Online codebreaking enthusiasts working to solve a series of German World War II ciphers have cracked the second of three codes.
The final Enigma code is taxing the network of computers
Thousands of users around the world have joined the M4 Project, using spare computing power to crack the codes.
The messages were encoded using the German Enigma machine, and outfoxed wartime experts at Bletchley Park.
Project leaders have already failed to crack the last remaining message, but insist it can be broken.
The three messages were unearthed by amateur historian Ralph Erskine, who submitted them to a cryptology journal in 1995 as a challenge for codebreakers.
They were sent in 1942, during a period when the Allies were unable to crack German codes because of the introduction of a new code book and a more complex version of the Enigma machine.
SOLVED CIPHER #2
Found nothing on convoy's course 55°, [I am] moving to the ordered [naval] square. Position naval square AJ 3995. [wind] south-east [force] 4, sea [state] 3, 10/10 cloudy, [barometer] 28 mb [and] rising, fog, visibility 1 nautical mile
Stephan Krah, a German enthusiast, wrote the M4 Project software - named after the M4 Enigma machine used to encode the messages - in an effort to unravel the codes' mystery.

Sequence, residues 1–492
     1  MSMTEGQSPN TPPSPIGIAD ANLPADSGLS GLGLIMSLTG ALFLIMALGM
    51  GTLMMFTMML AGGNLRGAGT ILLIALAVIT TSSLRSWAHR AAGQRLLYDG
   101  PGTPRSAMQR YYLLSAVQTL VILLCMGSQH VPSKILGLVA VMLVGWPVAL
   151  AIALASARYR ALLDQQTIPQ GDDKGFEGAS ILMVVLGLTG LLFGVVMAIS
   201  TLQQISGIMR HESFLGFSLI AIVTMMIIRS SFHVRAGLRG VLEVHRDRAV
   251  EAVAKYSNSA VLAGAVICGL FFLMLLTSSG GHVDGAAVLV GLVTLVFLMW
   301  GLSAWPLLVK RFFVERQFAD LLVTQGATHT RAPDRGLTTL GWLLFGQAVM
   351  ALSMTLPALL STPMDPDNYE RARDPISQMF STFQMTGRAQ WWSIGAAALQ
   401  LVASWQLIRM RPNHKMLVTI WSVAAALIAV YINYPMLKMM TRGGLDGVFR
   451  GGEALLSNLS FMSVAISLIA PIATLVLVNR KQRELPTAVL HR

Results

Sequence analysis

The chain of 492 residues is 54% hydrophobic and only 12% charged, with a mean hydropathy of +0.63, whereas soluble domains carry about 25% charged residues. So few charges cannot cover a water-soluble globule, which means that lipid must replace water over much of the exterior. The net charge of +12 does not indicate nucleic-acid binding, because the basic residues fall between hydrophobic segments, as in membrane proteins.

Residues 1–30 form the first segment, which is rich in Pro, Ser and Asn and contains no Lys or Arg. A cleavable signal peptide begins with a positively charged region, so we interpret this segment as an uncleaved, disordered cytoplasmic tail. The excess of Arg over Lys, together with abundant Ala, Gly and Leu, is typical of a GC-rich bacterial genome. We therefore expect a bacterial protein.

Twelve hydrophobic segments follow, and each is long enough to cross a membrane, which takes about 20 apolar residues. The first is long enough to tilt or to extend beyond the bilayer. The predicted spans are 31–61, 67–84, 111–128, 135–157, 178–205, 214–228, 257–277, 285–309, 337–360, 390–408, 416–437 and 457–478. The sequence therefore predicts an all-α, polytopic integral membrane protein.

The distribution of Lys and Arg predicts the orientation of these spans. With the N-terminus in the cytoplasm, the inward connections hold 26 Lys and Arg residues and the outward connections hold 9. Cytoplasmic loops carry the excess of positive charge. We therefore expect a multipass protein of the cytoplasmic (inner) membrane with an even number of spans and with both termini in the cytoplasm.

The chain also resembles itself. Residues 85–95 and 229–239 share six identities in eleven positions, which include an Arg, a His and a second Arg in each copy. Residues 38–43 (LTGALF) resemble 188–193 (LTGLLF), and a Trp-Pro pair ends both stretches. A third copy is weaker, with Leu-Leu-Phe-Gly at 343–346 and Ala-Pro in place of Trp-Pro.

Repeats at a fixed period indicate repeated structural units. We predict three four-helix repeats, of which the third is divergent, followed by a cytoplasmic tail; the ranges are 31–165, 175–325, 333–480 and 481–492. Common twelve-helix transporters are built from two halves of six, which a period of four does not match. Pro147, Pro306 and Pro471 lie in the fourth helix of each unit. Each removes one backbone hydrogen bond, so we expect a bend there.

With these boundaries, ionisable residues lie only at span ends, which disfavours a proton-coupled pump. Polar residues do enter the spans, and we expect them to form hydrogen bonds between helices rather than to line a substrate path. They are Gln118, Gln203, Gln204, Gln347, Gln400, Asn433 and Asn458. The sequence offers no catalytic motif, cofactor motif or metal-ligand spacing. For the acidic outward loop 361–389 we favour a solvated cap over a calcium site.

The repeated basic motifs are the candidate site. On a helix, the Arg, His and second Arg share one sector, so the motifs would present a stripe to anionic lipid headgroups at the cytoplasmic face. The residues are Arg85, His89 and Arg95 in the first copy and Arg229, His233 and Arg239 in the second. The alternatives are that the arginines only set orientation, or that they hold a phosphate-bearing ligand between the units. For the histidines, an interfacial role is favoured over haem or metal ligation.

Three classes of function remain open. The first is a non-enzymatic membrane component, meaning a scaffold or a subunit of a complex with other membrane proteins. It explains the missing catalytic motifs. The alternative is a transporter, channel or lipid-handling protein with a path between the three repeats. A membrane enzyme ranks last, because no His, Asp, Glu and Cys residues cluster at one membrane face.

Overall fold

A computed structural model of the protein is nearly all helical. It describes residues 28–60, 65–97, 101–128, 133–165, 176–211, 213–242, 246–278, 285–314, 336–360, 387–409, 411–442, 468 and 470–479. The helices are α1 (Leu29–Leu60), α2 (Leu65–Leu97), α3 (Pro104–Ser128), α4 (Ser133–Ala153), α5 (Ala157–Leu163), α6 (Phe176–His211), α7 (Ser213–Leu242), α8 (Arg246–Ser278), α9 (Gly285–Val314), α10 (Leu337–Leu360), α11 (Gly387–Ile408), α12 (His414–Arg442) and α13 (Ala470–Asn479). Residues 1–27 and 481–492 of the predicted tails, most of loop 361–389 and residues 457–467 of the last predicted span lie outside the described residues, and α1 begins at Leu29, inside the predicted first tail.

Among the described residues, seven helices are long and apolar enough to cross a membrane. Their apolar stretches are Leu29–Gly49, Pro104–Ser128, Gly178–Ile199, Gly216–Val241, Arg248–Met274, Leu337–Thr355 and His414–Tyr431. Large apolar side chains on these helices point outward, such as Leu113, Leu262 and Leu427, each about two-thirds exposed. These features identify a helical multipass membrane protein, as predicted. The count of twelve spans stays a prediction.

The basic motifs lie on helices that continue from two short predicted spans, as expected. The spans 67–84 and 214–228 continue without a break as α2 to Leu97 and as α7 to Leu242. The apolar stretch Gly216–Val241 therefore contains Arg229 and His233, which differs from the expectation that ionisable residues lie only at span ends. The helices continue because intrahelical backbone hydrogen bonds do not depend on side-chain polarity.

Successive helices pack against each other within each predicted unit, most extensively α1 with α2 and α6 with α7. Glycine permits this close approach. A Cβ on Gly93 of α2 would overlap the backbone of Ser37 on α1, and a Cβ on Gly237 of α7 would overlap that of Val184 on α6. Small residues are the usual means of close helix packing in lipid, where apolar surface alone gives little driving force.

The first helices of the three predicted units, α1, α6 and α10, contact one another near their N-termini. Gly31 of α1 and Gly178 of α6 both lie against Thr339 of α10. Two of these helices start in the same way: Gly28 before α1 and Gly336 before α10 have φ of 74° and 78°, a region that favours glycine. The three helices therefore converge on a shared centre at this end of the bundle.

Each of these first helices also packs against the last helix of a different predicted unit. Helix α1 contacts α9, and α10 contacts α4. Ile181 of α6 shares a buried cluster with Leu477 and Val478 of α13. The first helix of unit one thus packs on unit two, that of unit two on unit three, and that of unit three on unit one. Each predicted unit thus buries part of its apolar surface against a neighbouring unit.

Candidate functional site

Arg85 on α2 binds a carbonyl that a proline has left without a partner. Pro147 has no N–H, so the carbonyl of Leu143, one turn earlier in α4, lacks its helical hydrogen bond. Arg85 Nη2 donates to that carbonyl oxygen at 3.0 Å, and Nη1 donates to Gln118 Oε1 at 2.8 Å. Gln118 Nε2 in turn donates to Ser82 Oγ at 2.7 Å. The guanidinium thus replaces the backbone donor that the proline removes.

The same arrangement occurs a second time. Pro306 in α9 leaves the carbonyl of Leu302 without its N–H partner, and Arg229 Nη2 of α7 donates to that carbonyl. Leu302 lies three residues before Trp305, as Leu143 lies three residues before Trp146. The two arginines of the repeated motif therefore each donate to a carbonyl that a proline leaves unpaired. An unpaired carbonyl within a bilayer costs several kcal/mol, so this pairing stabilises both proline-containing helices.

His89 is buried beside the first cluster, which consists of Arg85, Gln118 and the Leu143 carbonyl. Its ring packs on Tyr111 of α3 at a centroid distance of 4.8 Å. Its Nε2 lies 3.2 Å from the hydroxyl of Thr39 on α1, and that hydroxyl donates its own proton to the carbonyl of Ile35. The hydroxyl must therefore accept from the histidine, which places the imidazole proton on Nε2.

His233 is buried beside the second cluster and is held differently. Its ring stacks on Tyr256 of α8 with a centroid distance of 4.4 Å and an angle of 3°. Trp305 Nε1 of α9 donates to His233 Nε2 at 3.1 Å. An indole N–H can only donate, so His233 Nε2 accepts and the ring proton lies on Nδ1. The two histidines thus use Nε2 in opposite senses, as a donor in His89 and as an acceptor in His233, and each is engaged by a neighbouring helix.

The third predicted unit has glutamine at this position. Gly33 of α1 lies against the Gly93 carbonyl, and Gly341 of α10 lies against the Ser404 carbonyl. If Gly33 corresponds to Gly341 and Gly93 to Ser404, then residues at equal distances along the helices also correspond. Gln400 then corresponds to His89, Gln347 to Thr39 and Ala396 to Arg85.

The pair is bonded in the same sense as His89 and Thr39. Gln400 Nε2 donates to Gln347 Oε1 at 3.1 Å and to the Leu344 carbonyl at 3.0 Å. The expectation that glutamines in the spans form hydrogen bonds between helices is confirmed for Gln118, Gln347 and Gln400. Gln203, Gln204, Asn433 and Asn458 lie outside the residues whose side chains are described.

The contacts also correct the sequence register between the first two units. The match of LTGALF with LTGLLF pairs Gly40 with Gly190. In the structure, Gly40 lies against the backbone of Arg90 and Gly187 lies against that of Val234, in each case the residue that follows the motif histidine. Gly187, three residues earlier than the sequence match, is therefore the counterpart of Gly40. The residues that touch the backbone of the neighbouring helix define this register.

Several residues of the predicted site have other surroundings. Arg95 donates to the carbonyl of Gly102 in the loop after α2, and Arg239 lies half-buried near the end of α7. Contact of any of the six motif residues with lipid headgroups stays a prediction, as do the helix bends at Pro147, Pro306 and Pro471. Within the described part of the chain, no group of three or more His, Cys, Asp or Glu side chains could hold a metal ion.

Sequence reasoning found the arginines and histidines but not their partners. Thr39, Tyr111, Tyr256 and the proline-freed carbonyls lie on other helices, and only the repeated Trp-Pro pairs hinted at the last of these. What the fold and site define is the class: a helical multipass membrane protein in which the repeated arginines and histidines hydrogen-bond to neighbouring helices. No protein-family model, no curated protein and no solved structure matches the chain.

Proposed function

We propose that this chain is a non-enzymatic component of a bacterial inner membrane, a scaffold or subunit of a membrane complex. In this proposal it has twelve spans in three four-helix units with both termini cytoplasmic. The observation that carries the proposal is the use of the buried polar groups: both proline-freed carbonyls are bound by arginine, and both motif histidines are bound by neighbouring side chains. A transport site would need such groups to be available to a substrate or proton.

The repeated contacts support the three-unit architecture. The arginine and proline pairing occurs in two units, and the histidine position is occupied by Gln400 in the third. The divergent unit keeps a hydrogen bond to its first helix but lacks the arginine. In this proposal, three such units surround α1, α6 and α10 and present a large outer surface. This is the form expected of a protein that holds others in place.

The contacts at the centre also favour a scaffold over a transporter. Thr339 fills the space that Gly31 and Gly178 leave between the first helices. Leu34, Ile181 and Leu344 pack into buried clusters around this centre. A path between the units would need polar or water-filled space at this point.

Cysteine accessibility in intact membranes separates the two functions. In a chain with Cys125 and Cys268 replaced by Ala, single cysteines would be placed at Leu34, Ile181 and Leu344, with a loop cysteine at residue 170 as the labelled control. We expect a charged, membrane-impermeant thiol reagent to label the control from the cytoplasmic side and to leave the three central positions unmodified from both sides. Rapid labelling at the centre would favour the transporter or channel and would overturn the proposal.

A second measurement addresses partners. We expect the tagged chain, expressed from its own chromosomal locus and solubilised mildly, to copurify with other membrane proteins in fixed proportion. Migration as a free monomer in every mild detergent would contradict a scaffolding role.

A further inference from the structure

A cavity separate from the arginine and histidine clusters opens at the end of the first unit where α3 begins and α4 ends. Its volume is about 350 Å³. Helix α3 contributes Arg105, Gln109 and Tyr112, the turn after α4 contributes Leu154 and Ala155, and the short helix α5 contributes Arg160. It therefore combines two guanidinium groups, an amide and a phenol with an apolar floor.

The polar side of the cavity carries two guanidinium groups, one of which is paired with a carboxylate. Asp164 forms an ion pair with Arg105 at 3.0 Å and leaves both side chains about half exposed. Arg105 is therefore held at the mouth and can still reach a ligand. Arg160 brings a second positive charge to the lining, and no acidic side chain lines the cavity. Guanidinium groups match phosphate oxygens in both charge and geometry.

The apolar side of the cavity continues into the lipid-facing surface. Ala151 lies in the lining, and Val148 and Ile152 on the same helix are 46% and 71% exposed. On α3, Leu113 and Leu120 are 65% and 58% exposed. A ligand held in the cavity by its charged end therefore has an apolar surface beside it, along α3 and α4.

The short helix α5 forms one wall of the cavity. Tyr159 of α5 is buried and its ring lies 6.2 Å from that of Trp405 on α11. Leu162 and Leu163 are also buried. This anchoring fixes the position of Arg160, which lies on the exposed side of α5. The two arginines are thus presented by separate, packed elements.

The first code was cracked on 20 February, and was confirmed as a message from the commander of a German U-boat, Kapitanleutenant Hartwig Looks.
The second resolved code was less dramatic than the first, which detailed the aftermath of a clash with an Allied vessel.
The newly-deciphered code is little more than a status report and a confirmation of position.
THE UNSOLVED CIPHER
HCEY ZTCS OPUP PZDI UQRD LWXX FACT TJMB HDVC JJMM ZRPY IKHZ AWGL YXWT MJPQ UEFS ZBCT VRLA LZXW VXTS LFFF AUDQ FBWR RYAP SBOW JMKL DUYU PFUQ DOWV HAHC DWAU ARSW TXCF VOYF PUFH VZFD GGPO OVGR MBPX XZCA NKMO NFHX PCKH JZBU MXJW XKAU OD?Z UCVC XPFT
Confirming the break on the M4 Project website, Stefan Krah said efforts would now shift back to the last message, actually the first of the three original submissions.
Previous efforts to crack the code exhausted the combinations available on German army and three-ring Enigma machines, but did not try all combinations relevant to the complex four-ring Enigma used to encode the messages.